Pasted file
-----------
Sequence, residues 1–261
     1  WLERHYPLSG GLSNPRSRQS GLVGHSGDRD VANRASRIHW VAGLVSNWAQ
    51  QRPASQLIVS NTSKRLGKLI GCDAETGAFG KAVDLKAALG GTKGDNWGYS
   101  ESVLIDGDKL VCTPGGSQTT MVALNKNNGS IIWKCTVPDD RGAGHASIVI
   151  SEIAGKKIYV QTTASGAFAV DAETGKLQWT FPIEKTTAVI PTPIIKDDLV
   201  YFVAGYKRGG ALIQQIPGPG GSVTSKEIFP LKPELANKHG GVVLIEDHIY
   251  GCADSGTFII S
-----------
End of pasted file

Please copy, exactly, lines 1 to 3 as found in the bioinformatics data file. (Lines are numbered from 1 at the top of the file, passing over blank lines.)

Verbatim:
Sequence, residues 1–261
     1  WLERHYPLSG GLSNPRSRQS GLVGHSGDRD VANRASRIHW VAGLVSNWAQ
    51  QRPASQLIVS NTSKRLGKLI GCDAETGAFG KAVDLKAALG GTKGDNWGYS